The terrorist bombing Friday of a train on the London Underground, which injured 30 people – including one of my very close friends – was yet more evidence of a painful truth: the Islamification of the United Kingdom and Europe is well under way, changing the very character of the continent that gave birth to Western Civilization.
Source: London bombing shows danger of Islamification in Britain and Europe. Is the US next? | Fox News
This is indeed an excellent essay, and the fact that it is written by someone who was, herself, touched by the latest bombing in London – through a friend of hers, who was fortunate that when the bomb detonated in her train compartment, it did not go off properly. I strongly recommend that you “read, mark, learn, and inwardly digest” this essay!
But like most other writings on the subject of Islam, in her commendable zeal to protect religious liberty and avoid tarring with too broad a brush, Ms Davis misses a few important points.
She quotes the Brookings Institute definition of Islamism, which of course is quite accurate, as far as it goes. However, consider: any religion worth its salt believes that its “values should play a role in public life,” and that it “has things to say about how politics should be conducted, how the law should be applied, and how other people – not just themselves – should conduct themselves.” If it does not, it hardly qualifies as a religion at all: at best, it is some form of nebulous personal spirituality.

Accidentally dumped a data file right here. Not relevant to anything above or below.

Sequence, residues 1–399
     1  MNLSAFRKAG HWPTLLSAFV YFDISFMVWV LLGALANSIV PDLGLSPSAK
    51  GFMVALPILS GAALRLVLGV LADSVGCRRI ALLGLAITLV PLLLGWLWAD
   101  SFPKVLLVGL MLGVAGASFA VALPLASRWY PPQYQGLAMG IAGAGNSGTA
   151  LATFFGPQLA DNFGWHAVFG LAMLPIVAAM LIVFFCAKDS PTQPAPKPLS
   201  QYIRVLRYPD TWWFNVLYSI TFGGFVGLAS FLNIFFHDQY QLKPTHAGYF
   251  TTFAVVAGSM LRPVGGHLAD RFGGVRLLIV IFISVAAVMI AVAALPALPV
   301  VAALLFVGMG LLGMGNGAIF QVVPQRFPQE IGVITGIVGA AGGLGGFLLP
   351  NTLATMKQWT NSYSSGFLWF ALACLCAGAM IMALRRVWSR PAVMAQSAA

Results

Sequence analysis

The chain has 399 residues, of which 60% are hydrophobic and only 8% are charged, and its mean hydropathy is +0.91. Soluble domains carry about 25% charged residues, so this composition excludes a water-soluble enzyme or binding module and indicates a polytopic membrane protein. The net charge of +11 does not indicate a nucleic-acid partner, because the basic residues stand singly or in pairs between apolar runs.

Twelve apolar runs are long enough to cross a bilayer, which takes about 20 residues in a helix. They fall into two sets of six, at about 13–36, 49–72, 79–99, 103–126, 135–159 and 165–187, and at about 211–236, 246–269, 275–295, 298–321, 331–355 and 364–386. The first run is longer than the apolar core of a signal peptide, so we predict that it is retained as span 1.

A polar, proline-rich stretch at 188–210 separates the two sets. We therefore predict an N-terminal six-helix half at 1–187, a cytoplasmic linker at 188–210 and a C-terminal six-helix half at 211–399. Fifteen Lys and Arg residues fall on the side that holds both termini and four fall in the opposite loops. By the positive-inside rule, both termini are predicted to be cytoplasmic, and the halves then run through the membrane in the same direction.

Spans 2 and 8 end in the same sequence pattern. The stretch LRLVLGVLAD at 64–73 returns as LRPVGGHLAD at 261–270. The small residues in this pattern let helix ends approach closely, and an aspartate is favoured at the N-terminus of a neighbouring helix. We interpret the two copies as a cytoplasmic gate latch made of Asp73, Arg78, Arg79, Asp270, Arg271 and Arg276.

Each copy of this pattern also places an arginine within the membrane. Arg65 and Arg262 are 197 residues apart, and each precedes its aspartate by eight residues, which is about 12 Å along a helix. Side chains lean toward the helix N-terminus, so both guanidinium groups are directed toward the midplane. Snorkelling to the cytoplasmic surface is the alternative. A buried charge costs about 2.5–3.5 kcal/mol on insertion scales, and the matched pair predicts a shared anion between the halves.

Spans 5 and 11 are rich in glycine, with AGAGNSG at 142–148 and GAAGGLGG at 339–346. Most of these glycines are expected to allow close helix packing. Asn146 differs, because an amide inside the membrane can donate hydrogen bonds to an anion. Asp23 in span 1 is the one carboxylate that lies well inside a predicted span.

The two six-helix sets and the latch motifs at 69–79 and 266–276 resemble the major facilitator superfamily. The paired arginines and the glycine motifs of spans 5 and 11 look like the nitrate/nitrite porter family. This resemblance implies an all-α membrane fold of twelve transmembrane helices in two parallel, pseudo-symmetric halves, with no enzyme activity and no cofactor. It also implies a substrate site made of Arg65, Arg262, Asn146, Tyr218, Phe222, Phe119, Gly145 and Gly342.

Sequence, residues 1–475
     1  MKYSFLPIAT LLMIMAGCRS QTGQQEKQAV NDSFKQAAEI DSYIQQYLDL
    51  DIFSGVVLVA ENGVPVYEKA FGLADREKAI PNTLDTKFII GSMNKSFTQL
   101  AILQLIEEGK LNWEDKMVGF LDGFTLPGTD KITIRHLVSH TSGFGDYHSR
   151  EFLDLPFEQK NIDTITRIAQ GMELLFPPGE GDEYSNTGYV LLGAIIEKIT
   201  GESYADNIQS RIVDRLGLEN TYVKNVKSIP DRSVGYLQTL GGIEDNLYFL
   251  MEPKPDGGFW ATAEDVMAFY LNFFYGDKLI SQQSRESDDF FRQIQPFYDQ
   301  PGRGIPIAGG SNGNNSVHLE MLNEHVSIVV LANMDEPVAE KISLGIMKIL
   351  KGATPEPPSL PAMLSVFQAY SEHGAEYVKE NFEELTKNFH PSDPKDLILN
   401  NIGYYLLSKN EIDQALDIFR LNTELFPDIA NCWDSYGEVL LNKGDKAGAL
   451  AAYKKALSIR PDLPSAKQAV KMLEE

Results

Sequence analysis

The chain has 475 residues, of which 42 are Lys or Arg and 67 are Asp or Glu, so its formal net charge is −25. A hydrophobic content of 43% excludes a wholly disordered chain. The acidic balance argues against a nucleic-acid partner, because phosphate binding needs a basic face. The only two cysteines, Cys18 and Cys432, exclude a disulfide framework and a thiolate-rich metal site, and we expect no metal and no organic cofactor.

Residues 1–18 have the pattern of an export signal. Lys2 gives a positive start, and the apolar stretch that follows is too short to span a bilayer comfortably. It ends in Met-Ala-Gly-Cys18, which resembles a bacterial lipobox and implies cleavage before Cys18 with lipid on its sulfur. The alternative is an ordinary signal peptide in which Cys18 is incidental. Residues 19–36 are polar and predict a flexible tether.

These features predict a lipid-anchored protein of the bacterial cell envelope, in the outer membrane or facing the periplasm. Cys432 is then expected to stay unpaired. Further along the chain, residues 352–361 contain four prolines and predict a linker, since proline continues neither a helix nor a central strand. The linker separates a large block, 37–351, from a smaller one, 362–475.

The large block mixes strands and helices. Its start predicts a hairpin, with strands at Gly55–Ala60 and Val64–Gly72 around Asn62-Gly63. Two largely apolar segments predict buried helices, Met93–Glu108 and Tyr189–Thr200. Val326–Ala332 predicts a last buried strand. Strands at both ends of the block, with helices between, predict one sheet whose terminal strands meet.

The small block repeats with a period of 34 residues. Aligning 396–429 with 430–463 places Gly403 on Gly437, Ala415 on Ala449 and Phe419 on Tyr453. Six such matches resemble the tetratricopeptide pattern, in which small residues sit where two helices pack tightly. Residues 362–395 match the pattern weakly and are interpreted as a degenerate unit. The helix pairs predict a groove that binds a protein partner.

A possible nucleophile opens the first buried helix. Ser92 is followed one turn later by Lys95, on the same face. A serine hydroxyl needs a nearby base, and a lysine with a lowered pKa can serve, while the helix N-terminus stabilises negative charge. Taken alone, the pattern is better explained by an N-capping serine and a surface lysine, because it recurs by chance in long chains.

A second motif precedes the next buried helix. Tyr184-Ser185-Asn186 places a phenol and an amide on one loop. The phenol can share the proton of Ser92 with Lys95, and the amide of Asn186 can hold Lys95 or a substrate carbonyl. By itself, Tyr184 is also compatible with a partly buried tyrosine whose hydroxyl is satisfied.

Certainly, Christianity has things to say about these issues. Buddhism (more so in the East than in the West, but in some places even here) has things to say about these issues. Hinduism and certainly Taoism have things to say about these issues. The difference lies in how those values are promoted and expressed, and what the religion in question sees as its ultimate role in society.